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Make SQL Server Respond to an ORDER BY Clause : Page 2

SQL Server Views don't support the ORDER BY clause, but that shouldn't stop you from bringing order to your data. This article teaches you how to sort the results of a View, despite this small limitation.




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The ORDER BY clause sorts the results of a SELECT statement. To apply a sort, add this clause in the form:

SELECT column[,n] FROM datasource ORDER BY sortcolumn [ASC | DESC]

Figure 1  
Figure 1. The data doesn't sort. (Click to enlarge)

Where column identifies the columns you're retrieving, datasource identifies the tables that contain the data, and sortcolumn is the column by which you want to sort the results. By default, the clause sorts in ascending order, but you can sort in ascending or descending order using ASC or DESC. (For documentation purposes, you might want to include ASC, but it isn't necessary.) You can sort a text, numeric, or date column.

The Simplest Solution
Using a View is as simple as creating a SELECT statement. That statement can even further restrict the View's results, and it even offers a simple solution to the ORDER BY clause limitation because you can include the ORDER BY clause in the calling SELECT statement. To use a view, create a SELECT statement using the following syntax:

SELECT column[,n] FROM viewname [WHERE criteria] ORDER BY sortcolumn[,n]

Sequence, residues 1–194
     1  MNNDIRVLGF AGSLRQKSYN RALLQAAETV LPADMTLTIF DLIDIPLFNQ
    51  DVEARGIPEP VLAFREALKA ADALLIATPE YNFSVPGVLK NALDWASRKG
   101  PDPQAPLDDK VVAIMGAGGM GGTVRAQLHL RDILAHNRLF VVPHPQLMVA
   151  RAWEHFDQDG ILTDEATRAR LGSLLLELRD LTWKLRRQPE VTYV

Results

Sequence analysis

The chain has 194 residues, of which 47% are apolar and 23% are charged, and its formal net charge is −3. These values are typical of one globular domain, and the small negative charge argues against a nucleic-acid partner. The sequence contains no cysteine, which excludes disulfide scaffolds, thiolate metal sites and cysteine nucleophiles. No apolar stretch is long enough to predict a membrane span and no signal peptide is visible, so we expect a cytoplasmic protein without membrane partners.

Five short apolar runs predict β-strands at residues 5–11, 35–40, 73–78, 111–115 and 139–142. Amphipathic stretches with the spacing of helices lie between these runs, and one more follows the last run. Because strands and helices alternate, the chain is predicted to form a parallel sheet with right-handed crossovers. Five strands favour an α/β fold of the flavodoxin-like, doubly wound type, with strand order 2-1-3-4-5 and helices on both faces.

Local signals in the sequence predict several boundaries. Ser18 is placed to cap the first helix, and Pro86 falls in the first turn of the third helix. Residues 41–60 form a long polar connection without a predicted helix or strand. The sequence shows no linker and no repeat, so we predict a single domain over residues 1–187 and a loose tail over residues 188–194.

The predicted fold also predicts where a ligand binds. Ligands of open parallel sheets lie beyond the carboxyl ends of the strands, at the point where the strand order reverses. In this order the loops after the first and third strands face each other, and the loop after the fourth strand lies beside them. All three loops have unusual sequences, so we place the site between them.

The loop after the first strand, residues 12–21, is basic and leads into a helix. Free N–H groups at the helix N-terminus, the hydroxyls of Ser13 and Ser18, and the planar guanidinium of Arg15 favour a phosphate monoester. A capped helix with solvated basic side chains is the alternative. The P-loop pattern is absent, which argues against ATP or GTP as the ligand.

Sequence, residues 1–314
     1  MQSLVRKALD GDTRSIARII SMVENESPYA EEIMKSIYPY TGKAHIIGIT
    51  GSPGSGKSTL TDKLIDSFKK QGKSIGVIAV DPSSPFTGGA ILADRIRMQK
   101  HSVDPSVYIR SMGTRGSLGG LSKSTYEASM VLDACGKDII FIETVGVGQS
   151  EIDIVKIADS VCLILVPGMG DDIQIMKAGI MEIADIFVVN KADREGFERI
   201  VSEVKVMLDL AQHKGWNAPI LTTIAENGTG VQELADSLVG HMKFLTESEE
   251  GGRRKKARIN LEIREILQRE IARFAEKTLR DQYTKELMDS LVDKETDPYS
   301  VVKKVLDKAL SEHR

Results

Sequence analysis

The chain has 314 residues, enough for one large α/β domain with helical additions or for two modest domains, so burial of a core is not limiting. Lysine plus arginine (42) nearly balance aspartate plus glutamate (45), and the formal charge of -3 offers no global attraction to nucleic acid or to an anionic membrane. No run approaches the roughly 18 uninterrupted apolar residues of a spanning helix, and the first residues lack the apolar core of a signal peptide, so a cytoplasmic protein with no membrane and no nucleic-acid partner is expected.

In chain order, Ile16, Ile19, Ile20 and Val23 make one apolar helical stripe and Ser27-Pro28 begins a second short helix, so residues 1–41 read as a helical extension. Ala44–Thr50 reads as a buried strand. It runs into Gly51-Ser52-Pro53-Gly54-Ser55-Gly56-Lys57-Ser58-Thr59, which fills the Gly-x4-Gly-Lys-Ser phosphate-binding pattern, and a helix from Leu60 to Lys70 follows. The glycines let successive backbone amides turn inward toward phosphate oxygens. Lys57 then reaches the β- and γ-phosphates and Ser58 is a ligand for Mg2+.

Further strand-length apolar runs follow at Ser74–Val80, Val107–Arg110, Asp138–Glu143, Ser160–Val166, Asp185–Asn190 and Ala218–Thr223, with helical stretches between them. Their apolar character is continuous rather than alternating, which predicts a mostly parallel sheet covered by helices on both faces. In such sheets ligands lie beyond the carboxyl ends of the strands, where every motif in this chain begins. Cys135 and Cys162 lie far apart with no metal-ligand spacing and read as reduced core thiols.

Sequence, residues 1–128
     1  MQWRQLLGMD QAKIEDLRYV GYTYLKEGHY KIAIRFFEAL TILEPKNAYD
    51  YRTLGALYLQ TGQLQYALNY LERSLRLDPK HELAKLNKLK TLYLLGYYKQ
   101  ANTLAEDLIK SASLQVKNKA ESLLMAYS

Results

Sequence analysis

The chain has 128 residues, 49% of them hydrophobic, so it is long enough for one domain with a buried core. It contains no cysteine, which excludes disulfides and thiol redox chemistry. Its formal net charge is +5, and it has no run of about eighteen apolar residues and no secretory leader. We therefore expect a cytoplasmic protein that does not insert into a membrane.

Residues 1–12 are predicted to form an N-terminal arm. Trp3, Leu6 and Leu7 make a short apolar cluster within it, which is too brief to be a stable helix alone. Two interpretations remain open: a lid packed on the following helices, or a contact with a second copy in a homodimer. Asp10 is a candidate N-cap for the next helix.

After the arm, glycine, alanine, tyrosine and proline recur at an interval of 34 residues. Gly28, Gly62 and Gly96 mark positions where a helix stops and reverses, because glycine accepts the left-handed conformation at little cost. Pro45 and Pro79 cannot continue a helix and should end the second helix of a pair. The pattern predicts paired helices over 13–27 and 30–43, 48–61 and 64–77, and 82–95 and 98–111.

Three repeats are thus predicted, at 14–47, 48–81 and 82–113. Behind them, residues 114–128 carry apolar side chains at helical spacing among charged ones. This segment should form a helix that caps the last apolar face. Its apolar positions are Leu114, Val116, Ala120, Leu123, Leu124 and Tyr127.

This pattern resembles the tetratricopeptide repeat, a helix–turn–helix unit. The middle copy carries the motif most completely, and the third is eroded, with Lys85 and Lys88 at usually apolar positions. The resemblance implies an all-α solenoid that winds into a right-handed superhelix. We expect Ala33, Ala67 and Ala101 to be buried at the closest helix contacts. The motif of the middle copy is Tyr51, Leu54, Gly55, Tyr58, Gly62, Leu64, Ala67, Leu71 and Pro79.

Figure 2  
Figure 2. The ORDER BY clause will sort the results. (Click to enlarge)

Where column identifies the columns you're retrieving, viewname identifies the View from which you're pulling those columns, criteria is an expression that limits the data, and sortcolumn identifies the column by which you want to sort the results. As you can see, in this form, you can include an ORDER BY clause, but you're doing so indirectly—from the calling SELECT statement, which may not always be adequate.

The Northwind sample database that comes with SQL Server can provide a quick example. Suppose you want to see all the products, sorted first by their categories and then by product name. To do so, you might create the following View:

CREATE VIEW dbo.viewProducts AS SELECT dbo.Products.ProductName, dbo.Products.CategoryID FROM dbo.Products

Executing a simple SELECT statement returns the data, but it doesn't sort it (see Figure 1).

Call the View using a simple SELECT statement as follows:

SELECT dbo.viewProducts.ProductName, dbo.viewProducts.CategoryID FROM dbo.viewProducts ORDER BY dbo.viewProducts.CategoryID, dbo.viewProducts.ProductName

The results aren't limited by a WHERE clause, and they will include all the records from both the CategoryID and ProductName columns. However, the ORDER BY clause will sort the results, first by CategoryID and then by ProductName (see Figure 2).

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